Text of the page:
MENA Telecom Operators Must Embrace Analytical Marketing Techniques to Survive in Today’s Saturated Mobile Communications Sector
New York, 23rd April 2014 – Little progress is being made in bridging the digital divide between technology savvy nations and others, according to the 13th edition of the Global Information Technology Report 2014. The stalling of progress is worrisome for emerging and developing nations, which are at risk of missing out on many positive impacts information and communications technologies (ICT) bring, including increased innovation, economic competitiveness and greater social inclusion.
With telecom market penetration estimated to have stood at 105 percent in the Arab world in 2013 – and operators finding it increasingly challenging to compete in such environments – there is an imperative need for a radical new approach to marketing across the region’s telecommunications sector
Today, the mobile telecommunications market in developing economies has saturated, with subscriptions frequently outstripping the size of population. Most operators in the MENA region have been unable to sustain growth levels by continuing to rely on traditional go-to-market approaches. The traditional, aggregate method of marketing products – taking consumers as large averaged groups or as a few segments – is failing to yield results as it is now more difficult to use pricing as a means to stimulate top-line growth. According to Strategy&, formerly Booz & Company, to survive, regional telecom operators need to embrace a new level of targeting and rethink their entire approach to marketing – fundamentally reorganizing themselves to allow more effective growth campaigns.
Across the Middle East, customers today are becoming increasingly sophisticated, and have arguably become more advanced than telecom marketers themselves in their understanding of the mobile market. As a result, telecom operators are being forced to pay high customer acquisition costs, and face elevated subscriber churn rates and declining ARPU levels. Competition within the industry has also increased. Revenue from services is at best stagnant as operators seek to combine dwindling traditional offerings with new avenues of growth, such as broadband and content. Turning this tide poses a major challenge.
The following conditions now characterize the telecom sector in emerging markets:
- A decreasing number of new subscribers with lower ARPU levels, requiring operators to increase their acquisition costs.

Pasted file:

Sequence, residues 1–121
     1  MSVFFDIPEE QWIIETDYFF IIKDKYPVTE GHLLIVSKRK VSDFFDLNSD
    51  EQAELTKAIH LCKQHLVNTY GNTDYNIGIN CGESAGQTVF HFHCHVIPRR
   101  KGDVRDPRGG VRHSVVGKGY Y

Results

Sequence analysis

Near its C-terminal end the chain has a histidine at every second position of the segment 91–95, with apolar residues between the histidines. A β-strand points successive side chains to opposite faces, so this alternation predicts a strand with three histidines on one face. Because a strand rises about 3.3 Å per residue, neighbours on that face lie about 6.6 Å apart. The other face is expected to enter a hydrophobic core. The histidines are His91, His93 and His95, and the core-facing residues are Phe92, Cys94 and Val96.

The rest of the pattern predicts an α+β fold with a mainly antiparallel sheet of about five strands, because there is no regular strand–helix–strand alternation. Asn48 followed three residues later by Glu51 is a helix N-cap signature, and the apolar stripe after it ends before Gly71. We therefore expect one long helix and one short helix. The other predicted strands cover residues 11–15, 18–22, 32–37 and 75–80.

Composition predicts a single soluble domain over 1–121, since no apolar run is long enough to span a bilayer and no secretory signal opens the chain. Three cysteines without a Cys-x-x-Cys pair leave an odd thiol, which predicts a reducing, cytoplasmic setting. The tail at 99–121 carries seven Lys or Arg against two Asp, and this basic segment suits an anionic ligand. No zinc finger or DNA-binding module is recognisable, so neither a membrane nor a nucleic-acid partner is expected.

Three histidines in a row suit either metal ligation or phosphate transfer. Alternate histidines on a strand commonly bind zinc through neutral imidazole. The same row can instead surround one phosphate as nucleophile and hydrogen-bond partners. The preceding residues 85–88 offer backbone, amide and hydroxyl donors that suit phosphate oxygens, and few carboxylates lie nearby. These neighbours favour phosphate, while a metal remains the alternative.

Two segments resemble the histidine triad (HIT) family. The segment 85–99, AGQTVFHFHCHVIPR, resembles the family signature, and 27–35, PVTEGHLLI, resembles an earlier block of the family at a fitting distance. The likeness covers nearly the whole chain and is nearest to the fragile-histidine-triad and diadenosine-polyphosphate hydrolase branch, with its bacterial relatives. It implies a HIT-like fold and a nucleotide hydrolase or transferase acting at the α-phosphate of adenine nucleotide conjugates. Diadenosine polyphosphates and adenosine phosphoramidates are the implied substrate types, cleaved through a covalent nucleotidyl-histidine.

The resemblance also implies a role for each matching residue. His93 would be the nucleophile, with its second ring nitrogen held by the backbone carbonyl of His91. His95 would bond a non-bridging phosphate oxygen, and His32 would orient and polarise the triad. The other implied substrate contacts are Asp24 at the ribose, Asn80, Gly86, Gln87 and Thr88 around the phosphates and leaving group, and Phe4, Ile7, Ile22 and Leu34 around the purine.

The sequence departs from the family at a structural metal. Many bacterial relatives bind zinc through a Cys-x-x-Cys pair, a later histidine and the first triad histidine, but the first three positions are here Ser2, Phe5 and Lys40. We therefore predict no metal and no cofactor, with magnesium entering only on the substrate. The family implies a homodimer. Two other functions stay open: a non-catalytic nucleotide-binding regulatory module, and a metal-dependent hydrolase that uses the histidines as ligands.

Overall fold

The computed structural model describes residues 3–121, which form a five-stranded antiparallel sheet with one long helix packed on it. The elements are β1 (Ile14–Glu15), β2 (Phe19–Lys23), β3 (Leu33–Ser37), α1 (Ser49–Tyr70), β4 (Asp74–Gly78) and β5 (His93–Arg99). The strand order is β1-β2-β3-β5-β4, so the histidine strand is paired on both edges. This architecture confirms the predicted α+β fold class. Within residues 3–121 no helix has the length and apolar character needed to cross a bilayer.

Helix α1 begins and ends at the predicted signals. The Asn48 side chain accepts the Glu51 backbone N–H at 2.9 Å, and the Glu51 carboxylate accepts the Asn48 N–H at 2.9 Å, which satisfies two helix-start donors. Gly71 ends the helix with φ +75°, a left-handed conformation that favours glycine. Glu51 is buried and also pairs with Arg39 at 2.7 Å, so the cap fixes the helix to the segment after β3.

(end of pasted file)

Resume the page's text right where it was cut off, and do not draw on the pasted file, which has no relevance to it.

- Price reductions that are cannibalizing existing revenues, with current customers becoming more dynamic in switching to the most attractive plans.
- Natural erosion of traditional telecom services (messaging and voice) by over-the-top services, such as Google Voice, Skype, and WhatsApp, and increasing competition within the industry itself.
Operators are also confronting the need to rationalize their spending, with investment in marketing and sales falling victim to the ongoing search to improve profitability.
Finding the Answer Within
“Following the lead of mature markets, regional telecom operators should smarten their marketing approach by adopting analytical marketing techniques, identifying pockets of value and generating maximum possible returns from these small areas,” said Hilal Halaoui, Partner with Strategy&. Halaoui explains the two-fold rationale for this approach:
- there remains pent-up demand in a multitude of niche segments
- operators can increase profitability by mining and understanding these segments, and adding together the marginal returns
Organizations have started to understand the need to shift from the one-size-fits-all mind-set of the past and develop a long-term relationship with each unique customer. More broadly, they are grappling with challenges and questions related to boosting revenue; reducing customer acquisition and retention costs; and, rationalizing the cost of service.
Having collected large amounts of data related to customers’ profiles and communication behavior, operators are in an ideal position to respond to these challenges. The answer already lies within their grasp, from what is commonly referred to as Big Data.